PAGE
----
A recent study has identified viral hepatitis as the seventh leading cause of death and disability in the world, killing more people in a year than HIV/AIDS, tuberculosis or malaria.
Hepatitis is an inflammation of the liver and it is caused by a group of viruses.
The study was released by the Global Burden of Disease Study 2013 and published in the Lancet, the world’s leading general medical journal.
Based on data collected in 183 countries, the study found that deaths from infection, liver disease and cancer caused by viral hepatitis increased
by nearly two thirds, from 890,000 in 1990 to 1.45 million in 2013.
In comparison, there were 1.3 million deaths from AIDS, 1.4 million from tuberculosis and 855,000 from malaria in 2013.
The study noted that “in 2013, viral hepatitis was the seventh leading cause of death worldwide, compared with tenth to 12th in 1990.
“Unlike most communicable diseases, the absolute burden and relative rank of viral hepatitis increased between 1990 and 2013.
“The enormous health loss attributable to viral hepatitis and the availability of effective vaccines and treatments suggest an important opportunity to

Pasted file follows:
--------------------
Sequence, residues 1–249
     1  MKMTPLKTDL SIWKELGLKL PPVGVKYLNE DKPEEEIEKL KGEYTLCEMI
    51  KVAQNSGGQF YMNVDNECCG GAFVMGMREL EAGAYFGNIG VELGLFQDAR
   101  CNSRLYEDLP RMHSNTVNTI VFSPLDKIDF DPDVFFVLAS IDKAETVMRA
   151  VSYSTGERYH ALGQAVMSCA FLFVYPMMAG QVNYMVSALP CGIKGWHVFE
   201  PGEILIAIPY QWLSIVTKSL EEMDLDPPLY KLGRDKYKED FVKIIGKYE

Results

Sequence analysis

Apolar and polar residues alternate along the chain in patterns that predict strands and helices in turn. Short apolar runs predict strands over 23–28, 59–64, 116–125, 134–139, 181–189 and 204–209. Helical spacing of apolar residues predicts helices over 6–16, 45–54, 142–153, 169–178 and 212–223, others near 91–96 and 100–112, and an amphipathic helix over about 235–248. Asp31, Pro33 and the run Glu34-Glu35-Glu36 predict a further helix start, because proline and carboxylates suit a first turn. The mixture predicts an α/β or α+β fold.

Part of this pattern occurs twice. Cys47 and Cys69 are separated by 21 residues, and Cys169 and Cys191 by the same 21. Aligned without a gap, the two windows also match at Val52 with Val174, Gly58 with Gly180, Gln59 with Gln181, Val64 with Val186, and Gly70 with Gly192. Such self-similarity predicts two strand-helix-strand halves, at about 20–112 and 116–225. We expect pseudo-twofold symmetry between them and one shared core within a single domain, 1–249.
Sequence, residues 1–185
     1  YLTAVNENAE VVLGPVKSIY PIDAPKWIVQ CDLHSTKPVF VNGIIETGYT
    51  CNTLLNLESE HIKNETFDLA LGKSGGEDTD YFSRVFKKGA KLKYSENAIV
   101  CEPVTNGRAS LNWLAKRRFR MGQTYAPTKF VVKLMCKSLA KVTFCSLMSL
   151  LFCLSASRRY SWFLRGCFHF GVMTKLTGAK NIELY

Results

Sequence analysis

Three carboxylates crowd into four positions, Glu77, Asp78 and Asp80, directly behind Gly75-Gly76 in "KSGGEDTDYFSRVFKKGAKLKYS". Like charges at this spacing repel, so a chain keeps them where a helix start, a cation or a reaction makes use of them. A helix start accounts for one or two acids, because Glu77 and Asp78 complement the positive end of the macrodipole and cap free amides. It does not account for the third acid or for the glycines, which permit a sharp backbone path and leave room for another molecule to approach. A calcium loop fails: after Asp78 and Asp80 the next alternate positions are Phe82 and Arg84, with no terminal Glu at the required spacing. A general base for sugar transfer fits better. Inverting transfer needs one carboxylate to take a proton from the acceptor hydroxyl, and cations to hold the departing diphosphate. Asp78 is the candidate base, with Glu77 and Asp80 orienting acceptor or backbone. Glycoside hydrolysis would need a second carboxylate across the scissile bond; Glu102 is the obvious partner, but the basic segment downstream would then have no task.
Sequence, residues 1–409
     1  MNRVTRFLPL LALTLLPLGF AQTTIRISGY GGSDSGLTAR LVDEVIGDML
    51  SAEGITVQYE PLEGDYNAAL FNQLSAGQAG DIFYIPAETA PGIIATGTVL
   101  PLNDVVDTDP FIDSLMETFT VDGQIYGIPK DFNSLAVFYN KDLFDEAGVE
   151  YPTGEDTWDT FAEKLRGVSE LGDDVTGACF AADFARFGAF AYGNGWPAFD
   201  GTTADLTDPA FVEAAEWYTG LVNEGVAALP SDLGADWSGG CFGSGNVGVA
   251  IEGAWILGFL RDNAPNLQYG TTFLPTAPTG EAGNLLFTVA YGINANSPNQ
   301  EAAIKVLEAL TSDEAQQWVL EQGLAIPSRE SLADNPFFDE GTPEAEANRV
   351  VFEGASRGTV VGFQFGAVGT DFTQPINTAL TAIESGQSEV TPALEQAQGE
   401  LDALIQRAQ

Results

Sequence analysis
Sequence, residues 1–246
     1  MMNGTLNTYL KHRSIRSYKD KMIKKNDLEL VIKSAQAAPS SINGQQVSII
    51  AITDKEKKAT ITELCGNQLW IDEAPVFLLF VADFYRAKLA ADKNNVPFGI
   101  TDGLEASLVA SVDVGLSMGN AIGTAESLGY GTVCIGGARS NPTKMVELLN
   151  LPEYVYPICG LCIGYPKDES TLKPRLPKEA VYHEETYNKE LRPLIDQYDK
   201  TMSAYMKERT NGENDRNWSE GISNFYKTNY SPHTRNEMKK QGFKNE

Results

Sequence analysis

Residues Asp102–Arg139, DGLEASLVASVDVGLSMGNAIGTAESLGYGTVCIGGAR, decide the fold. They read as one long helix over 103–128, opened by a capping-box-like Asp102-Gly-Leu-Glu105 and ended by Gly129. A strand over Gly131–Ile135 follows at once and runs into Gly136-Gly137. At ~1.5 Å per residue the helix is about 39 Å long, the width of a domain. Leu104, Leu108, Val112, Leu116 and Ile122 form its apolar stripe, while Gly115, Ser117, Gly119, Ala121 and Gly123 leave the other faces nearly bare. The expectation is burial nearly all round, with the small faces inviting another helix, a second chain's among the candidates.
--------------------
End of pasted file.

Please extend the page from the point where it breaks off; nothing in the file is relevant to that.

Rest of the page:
improve public health,’’ the study said.
Dr Graham Cooke, Senior Author, said in a statement that “this is the most comprehensive analysis to date of the global burden of viral hepatitis.
“The study also reveals startling findings showing the death toll from this condition now at 1.45 million, while deaths from diseases such as TB
and malaria dropped since 1990.”
Cooke, a researcher at Imperial College London’s Department of Medicine said the report observed that nearly all of the deaths and disability
came from hepatitis B and C, both of which transmitted via exposure to contaminated blood and often caused chronic liver problems.
However, improved global trends in sanitation continued to reduce the burden caused by the foodborne and shorter-lived Hepatitis A and E; Hepatitis D only caused harm in someone who already had B.
The report stated that less than five per cent of people living with viral hepatitis worldwide were aware of their condition, largely due to the disease being
mostly asymptomatic and the lack of routine screening.
According to the report, the small proportion of global health funding targeted at viral hepatitis is also disproportionate to its importance as a major cause of death and disability.
The report consequently called for a change in funding structures to allow effective responses in low-income and lower-middle-income countries.